Just a quick update on the progress of the co-operative architecture book. Having been buried in the various archives for about two years, I’ve now accumulated more than enough material for the book – but no doubt I shall be rushing back to Manchester, London or wherever when I come across some missing link. So organising starts today, and writing shortly after for completion spring next year – hopefully! The weather has been kind lately so most of the photography is done. In fact the weather has been rather like June 1921 when this carnival-related shot was taken, probably in Manchester. It shows a group, mostly children, carrying and wearing all sorts of adverts for CWS own-brand products. They must have been an entry in one of the carnival competitions. Talk about brand loyalty!
I’ll be in Stirling on 26 Feb for the Talking Shops seminar on shopfronts, part of the History of Scotland’s Shopfronts exhibition and related events at Historic Environment Scotland’s Engine Shed centre. I’m speaking on Shopping at the Co-op; looking forward to showing off some of my huge number of photos of Co-op shopfronts! This image is of a rather grand branch in Reading, built in 1901, even though the building says it was 1900 (clearly intended to confuse historians….).
All around as I write is permafrost, so here’s a little sunshine from a few months ago to remind us that spring is, er, just around the corner. Maybe. Anyway, what has this urn to do with the co-op? Four of them stand in East Ham Park, a little way from the site of the 1928 London Co-operative Society department store which was quite the latest thing when built, with huge plate glass windows. The design was by the CWS chief London architect, Leonard Ekins, who would go on to design some unusual Dutch-style brick offices in the 1930s. Here, however, he stuck to respectable classical with a tall corner tower looking down on East Ham’s High Street. Possibly a challenge or homage to the stupendous Edwardian East Ham Town Hall which is close by. The four urns were placed near the top of the store’s tower and seem to be the only elements to survive the building’s demolition in the 1990s; really I’m surprised it lasted that long. The store was clad in terracotta or cast stone produced by Shaws of Darwen, who also provided the decorative bits and pieces. It’s good to have the chance to examine the material close up; one can see the combed texture, so it is probably a grey terracotta, but it feels very stone-like. It’s lovely that something survives from what must have been a very popular shop, at least initially. There is even a little plaque in the park to tell you what you are looking at. Delightful in the sunshine….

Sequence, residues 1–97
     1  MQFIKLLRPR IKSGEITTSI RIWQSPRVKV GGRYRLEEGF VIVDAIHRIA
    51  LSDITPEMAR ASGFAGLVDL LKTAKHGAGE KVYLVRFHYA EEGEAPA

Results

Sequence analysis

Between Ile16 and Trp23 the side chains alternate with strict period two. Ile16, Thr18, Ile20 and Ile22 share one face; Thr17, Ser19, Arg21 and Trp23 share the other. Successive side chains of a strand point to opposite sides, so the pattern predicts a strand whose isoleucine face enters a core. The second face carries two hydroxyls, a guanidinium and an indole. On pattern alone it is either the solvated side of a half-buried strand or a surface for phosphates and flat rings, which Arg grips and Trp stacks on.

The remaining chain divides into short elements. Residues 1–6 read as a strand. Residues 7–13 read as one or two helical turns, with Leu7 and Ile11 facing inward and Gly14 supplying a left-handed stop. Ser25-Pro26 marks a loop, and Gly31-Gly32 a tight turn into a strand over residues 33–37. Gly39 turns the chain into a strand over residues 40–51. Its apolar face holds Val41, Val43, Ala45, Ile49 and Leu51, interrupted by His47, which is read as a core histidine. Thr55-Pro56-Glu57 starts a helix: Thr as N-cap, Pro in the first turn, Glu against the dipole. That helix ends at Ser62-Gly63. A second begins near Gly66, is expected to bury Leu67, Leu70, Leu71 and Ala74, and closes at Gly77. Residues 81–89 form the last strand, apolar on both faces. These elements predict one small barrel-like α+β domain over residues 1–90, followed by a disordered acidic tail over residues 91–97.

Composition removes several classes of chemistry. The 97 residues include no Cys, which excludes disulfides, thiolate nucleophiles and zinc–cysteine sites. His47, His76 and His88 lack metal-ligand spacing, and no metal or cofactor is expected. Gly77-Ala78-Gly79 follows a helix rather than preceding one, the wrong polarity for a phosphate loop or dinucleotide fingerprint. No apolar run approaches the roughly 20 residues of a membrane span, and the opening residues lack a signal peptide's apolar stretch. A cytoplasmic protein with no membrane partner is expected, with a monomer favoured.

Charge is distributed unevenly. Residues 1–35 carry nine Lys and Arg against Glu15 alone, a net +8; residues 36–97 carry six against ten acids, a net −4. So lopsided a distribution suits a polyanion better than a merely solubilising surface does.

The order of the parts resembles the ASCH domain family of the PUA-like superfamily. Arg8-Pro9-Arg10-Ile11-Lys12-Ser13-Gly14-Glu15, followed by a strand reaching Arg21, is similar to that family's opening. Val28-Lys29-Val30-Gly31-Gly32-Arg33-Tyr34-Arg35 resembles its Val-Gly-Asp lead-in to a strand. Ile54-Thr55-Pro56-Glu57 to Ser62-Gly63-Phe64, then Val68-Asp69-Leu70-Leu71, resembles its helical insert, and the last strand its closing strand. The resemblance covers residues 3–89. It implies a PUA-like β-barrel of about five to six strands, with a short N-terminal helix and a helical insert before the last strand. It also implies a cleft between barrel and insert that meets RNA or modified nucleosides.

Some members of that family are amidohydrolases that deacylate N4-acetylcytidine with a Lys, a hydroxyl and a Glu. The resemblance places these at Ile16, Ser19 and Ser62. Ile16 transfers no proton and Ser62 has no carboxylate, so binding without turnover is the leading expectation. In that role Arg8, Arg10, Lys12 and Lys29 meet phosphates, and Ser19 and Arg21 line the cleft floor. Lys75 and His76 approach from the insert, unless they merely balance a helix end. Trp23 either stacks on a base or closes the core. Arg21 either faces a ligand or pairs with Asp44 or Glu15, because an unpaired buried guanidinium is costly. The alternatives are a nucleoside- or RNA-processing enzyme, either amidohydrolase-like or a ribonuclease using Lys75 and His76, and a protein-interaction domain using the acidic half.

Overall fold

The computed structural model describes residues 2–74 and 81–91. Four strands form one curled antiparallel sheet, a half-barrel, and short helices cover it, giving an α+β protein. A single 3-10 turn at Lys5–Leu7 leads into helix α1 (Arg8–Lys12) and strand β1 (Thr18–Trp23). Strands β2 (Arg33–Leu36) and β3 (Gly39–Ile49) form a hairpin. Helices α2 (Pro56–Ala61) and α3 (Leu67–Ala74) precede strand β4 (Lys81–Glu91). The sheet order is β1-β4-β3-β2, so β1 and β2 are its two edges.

Many thanks to Darwen Terracotta in Blackburn for the trip round their works a few weeks back. Fantastic to see the whole process in action, along with some splendidly strange ornamentation in course of production, like this scary monster! And of course big thanks also to @tilesocorguk for organising the trip.
To Oakengates – just beyond Telford in Shropshire – to see the old co-op, where the pretty mosaic panel was rediscovered during recent renovations. For anyone venturing further and into the delightful Ironbridge Gorge, the present co-op is housed in a splendid old red brick warehouse beside the Severn, great use for the building.
The scaffolding has finally come off the former Co-op central premises in York, after what seems like years. And – once the rain had stopped – the building looked very smart, even down to the somewhat understated display of co-op symbolism. Once you get your eye in, it is easy to spot various hands of friendship and beehives, all high up on what I think must be a sandstone facade. Shortly off to the Ironbridge Gorge Museum Trust Library to delve into the Hathern Terracotta Company archives, to get more details on the many co-op facades the firm was responsible for between the wars.
Popped along to Beamish Open Air Museum last week to take a look at the old co-op building, transferred from nearby (fairly) Annfield Plain. Gives you a great feeling of how turn-of-the-century shopping worked, with each shop in its separate section, unlike the generally later department stores. The best part was the drapery, tremendously gloomy and atmospheric – how did anyone see what proper colour things were? – and best of all with an original working cash transfer machine by the Lamson Paragon Company, which came from another co-op. It uses a wooden cash ball and requires the assistant to haul it up on to the railings above using pulleys; it then travels along to the cash office via the rails. The cashier then takes the member number details, sorts out the change, and returns the ball. Cunningly, the wooden balls are different sizes, so each gets back to the correct shop assistant. Brilliant! If you have about ten minutes to wait, which I suppose everyone did then. The system was later replaced with vacuum tubes in most shops. Something of a contrast to ‘unexpected item in the bagging area’……